SCVNews.com | SCV resident, veteran testifies to U.S. education panel
WASHINGTON, DC – Stephanie Stiefel, a veteran and Canyon Country resident, recently testified before the U.S. Department of Education’s Negotiated Regulatory Rulemaking Panel about her experience with the International Academy of Design and Technology. In her testimony to the panel, Stiefel shared her experiences with the school in taking advantage of veterans like her to receive the maximum funding possible.
Stiefel transferred to the International Academy of Design and Technology (IAFDT) after speaking to a school counselor at a career fair. He was promised small class sizes, one-on-one meetings with teachers, and excellent career prospects after graduation. Additionally, Stiefel has been advised that all of her credits will be transferable to other schools.
Once enrolled in the IADT, however, Stiefel immediately felt that the school’s classes were just a âcheck in the boxâ. Examples she gave included lack of training in the advanced software needed to complete courses, minimal classroom instruction, and all students receiving passing grades regardless of how well they did.
âThe advisors made the IADT program so attractive because they said that graduation from the IADT would provide a promising and lucrative career at large design firms,â said Stiefel. âThey also told me that they help their students find jobs. After graduation I moved from Tampa to Los Angeles and called the IADT Career Services office for professional help but was told that as I n didn’t live near school, they wouldn’t help me.
In Los Angeles, Stiefel applied for every interior design-related job she came across, in large and small companies. She rarely received a callback, and all of the interviews she received were about a job as a receptionist or assistant – jobs she could have gotten with a high school diploma and without paying for her diploma. IADT.
âAll of these jobs were paid minimum wage,â she said. “I certainly haven’t been able to get any of the jobs that make over $ 60,000 a year that the IADT made me believe I would get right out of school.”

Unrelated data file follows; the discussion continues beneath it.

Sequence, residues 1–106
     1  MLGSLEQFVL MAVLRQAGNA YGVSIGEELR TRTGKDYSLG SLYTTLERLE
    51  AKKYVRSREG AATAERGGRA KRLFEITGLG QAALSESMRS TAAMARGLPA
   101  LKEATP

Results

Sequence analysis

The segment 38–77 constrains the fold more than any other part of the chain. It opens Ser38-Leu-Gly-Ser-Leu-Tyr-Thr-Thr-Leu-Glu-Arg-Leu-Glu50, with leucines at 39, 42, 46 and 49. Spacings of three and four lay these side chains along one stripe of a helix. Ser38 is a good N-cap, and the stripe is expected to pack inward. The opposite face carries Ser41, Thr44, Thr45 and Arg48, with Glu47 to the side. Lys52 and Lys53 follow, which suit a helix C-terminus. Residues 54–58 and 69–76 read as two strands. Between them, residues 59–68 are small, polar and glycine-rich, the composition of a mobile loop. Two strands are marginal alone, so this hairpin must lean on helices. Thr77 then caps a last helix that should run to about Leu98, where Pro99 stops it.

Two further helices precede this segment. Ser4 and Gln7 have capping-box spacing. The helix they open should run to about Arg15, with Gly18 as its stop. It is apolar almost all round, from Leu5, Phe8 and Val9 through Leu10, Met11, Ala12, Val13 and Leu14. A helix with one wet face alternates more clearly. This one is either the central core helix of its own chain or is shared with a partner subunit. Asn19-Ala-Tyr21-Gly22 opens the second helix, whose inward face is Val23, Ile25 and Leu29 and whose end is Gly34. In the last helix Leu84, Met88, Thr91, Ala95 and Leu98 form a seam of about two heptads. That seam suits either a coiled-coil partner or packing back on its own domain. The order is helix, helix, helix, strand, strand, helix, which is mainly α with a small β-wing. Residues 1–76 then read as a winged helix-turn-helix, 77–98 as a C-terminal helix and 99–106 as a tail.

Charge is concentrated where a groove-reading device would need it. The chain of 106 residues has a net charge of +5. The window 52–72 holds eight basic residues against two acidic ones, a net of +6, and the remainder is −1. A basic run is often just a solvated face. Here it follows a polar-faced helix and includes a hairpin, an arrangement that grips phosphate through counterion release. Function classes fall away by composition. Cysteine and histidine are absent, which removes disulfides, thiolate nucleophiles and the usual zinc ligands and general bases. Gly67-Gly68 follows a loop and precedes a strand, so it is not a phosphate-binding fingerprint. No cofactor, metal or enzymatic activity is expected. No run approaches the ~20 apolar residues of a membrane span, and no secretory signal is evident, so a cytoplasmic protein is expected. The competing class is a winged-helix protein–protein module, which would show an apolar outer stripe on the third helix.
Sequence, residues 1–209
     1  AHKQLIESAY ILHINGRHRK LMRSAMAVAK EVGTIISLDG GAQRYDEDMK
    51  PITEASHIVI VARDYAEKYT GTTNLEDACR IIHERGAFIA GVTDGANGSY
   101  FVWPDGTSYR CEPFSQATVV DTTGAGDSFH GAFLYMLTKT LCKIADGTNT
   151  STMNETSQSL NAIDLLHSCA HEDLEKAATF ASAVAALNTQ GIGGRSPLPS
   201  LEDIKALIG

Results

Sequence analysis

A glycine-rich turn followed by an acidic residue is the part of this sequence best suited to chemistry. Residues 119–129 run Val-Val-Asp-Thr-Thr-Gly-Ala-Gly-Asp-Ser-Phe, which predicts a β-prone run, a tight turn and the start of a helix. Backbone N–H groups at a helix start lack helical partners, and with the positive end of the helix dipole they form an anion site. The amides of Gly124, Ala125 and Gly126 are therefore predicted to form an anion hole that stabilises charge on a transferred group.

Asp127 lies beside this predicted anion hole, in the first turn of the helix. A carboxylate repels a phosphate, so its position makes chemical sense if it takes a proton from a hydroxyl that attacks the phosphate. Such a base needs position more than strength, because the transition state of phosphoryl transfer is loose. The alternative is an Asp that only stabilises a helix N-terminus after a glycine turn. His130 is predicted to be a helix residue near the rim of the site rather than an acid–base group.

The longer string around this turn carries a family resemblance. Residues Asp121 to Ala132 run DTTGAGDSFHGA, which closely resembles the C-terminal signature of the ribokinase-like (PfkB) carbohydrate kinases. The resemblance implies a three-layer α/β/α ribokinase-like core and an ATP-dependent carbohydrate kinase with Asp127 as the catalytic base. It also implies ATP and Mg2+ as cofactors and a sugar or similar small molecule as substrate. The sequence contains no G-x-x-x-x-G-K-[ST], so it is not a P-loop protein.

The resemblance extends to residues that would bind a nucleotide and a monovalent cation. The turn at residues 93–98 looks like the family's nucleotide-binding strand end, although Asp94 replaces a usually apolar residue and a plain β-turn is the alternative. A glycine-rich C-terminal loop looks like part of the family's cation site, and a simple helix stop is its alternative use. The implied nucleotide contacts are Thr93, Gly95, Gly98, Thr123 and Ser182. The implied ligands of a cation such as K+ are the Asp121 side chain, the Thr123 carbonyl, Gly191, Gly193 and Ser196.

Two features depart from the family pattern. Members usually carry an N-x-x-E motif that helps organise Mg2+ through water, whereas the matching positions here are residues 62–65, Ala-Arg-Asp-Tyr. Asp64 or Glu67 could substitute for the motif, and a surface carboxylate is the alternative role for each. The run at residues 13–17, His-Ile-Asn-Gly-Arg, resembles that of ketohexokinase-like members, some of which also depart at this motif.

Additionally, Stiefel learned that there were multiple requirements for working in the field that the IADT had never made her aware of or attempted to help meet. Since leaving the IADT, Stiefel has not been able to find a career in interior design. She took a job in a family business to help pay off student loans and even joined the military to get loan forgiveness. However, after joining the military, she learned that the IADT was not properly accredited and therefore was not eligible for a loan forgiveness. Additionally, she tried to transfer her general education courses from the IADT to a nursing program, and was told that her IADT courses were not transferable, despite what the IADT gave her. said. Stiefel is currently employed by the Department of Homeland Security as a dog handler for the detection of explosives.
For years, for-profit colleges like the International Academy of Design and Technology aggressively targeted the military and veterans because of the 90/10 loophole. The 90/10 loophole was a loophole in federal law that for-profit colleges were manipulating to use GI Bill dollars and Department of Defense tuition aid to offset the federal student aid cap at which schools would otherwise be confronted. Congress has since closed the 90/10 loophole that attacked military personnel and veterans like Stiefel.
“I am here (today) to call on the Department of Education to protect students from a mountain of debt for poor quality education and a diploma that is worthless in the job market.” Stiefel said closing his testimony.